We’d travelled overnight from Luxembourg, so I didn’t have time for my customary Virtual Soundcheck—gutted. It feels so essential now, I can hardly remember mixing sound without it. The festival was in full flow when we got there so no chance; however, as I listened to the mighty D&B J-Series rig as the earlier bands played, I felt confident I’d have a good show. It’s incredible to think Avid invented the whole Virtual Soundcheck thing less than ten years ago. Such a short time but it has so fundamentally changed the way we work in Live Sound that, without it, I feel a little underprepared.

By the way, the festival that we’d just done in Luxemburg was in the grounds of a newly converted convent. It’s now an arts center. The stage had a beautiful view of the castle perched on a cliff top behind it. The local guys told us a really creepy thing about the convent. During the restoration they knocked down some walls and they found babies’ skeletons from different eras. Gothic or what??

Mixing the Show

Back to the PA at Glastonbury, the Other Stage has around 40,000 to 50,000 people watching and it was absolutely rammed for our show. It was really well covered by a D&B J system—twenty per side on main-hangs and fourteen per side-hang with a mix of J-SUB and J-INFRA cabinets in the pit to provide a cardioid sub array. From the small amount of sloshing around I did in the audience, it seemed to be really even and very well covered. One of the disappointments I’ve had at other festivals over the summer has been the sketchy sub coverage; no problem in that department here.

The system was designed to ensure that all the audio was focused on the audience, as there are pretty strict offsite noise limits. I’ve very, very rarely done this, but I sent them an email afterwards to congratulate them on the system. Their reply was very flattering; modesty forbids me from quoting it (there has to be a first time right!). All in all, we were all very satisfied with the marriage between S3L and J-Series. This summer I’ve mixed on K1, J, and Adamson and had great results with all of them. If you put a gun to my head and forced me to choose, I’d have to say the J was my favorite. Speakers just keep getting better and better. It’s such a joy to recall a song for Virtual Soundcheck, I usually use ‘Paradise Circus’, unmute the channels and hear almost exactly what you want from the get-go. At Glastonbury I didn’t even have the chance to do that. Just unmuted the channels and hoped the preparation had worked and I wasn’t going to make a fool of myself in front of all my peers and the 50,000 strong Massive Attack posse.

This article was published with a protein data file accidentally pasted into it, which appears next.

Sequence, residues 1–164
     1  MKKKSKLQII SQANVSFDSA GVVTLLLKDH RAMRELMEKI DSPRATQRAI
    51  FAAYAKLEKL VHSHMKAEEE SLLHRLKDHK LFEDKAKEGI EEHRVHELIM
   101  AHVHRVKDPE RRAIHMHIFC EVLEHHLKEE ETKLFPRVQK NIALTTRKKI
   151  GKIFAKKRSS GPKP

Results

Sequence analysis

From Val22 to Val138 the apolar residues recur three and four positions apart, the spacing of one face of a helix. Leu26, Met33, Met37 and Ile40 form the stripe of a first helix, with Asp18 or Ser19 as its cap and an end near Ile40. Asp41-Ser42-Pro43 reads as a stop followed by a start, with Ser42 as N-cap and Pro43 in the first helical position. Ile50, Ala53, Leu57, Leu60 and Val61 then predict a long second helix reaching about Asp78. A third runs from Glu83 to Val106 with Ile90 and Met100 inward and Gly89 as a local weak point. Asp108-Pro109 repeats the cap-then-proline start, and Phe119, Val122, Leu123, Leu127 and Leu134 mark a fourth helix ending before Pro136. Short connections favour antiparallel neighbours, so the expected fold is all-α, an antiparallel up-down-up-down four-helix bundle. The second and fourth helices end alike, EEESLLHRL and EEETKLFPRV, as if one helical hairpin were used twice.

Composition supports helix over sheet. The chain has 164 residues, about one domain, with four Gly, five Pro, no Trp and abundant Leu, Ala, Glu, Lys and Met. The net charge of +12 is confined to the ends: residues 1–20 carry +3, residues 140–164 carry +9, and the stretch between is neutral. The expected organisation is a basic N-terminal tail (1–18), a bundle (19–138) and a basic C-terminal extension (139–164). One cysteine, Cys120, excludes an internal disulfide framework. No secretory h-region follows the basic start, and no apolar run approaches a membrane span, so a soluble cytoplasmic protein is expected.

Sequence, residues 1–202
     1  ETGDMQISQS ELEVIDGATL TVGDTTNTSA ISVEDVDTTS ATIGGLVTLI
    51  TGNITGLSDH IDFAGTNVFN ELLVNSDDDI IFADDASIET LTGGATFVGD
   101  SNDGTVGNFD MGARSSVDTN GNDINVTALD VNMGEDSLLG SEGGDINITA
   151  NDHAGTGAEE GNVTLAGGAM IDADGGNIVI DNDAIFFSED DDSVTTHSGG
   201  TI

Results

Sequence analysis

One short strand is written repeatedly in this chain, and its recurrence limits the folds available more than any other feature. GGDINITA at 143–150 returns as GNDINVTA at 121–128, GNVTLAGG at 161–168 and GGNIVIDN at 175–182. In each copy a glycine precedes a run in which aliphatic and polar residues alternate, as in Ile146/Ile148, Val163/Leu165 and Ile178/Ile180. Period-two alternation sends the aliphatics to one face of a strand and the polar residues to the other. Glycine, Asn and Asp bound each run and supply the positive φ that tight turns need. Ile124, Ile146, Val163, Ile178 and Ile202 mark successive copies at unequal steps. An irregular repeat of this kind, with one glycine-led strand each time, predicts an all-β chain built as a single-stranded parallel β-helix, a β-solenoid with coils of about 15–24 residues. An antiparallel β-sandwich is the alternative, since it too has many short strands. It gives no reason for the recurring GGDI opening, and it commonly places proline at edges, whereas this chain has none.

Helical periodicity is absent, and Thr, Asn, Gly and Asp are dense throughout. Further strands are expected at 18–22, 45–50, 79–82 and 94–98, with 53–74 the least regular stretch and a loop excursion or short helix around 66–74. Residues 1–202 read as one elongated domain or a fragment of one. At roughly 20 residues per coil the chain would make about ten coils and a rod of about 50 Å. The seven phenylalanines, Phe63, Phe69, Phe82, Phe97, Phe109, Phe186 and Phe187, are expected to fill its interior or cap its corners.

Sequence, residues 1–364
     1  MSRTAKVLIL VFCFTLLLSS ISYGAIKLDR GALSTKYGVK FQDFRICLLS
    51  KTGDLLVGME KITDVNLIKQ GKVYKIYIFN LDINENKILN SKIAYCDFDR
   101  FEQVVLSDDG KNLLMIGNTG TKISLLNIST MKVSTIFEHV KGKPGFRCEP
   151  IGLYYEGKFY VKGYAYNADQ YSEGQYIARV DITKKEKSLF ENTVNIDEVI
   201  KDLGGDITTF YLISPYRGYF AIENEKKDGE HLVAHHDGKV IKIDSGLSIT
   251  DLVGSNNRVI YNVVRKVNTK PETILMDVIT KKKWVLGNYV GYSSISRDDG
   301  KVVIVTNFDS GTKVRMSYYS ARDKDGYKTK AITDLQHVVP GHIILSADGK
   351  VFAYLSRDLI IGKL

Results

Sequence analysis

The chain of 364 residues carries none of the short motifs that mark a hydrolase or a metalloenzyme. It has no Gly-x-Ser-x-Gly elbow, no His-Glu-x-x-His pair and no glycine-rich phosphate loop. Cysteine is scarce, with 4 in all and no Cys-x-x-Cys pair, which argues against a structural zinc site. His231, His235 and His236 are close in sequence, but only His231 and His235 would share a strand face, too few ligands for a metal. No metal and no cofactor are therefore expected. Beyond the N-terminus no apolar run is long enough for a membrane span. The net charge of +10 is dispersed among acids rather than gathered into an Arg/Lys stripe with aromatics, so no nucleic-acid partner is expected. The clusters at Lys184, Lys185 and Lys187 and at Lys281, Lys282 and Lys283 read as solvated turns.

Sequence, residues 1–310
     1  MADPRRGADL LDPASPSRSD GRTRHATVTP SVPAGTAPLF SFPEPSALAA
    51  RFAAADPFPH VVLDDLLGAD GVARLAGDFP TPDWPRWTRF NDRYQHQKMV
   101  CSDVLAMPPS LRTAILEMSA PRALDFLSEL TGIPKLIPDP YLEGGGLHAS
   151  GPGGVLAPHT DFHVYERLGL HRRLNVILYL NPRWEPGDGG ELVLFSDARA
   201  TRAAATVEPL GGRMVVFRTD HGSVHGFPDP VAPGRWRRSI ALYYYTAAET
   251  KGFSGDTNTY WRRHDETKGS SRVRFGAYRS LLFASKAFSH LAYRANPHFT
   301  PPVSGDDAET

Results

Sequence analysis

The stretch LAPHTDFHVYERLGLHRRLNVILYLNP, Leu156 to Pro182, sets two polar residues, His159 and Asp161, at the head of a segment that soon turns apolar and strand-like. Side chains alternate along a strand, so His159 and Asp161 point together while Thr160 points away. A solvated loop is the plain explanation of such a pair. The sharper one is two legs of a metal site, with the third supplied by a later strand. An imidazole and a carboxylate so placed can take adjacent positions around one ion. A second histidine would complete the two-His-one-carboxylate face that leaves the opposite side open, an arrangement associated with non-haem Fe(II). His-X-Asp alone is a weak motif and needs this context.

People often ask me if I get nervous before a show. Yes of course I do. If you don’t get a touch of the yips, you don’t care enough and probably need to think about career choices. The first song kicked in and it was all there from the off. I could relax and enjoy. Tom came to my side and told me I had headroom. I said thanks but it will build. There was a 100dbA LEQ over 60 minutes noise limit. The first song was in the mid-nineties. I was saving some of the LEQ average for later. Angel peaked at 106 but overall I managed to end up just under the limit for my show.


The set built and built and the crowd swayed and danced, climbed on each other’s shoulders, sang along and waved their flags and banners. There was a gorgeous sunset behind me as the set started, adding to the magic of the evening. The desk performed impeccably. The snapshots triggered from the code, freeing me to concentrate on mixing. I was spinning in delays, adding dub snare reverbs, shaping each song as it grew and developed. Massive Attack have these amazing musical changes of gear. At times songs build in volume and complexity then instantly drop to a small synth theme or chiming bell. I try to underline the highs by, for example, exaggerating some of the aggressive frequencies in the guitar and enhance the drops at times by adding a tiny detail such as moving the bells around in the stereo image with every other ambient microphone muted. It’s all played live and the band is so tight that each single dramatic moment is perfect. I’ve mixed Glastonbury many times, but this has to be my favorite in terms of the PA and the mix.

On Tour with Massive Attack: It Was the Best of Gigs, It Was the Maddest of Gigs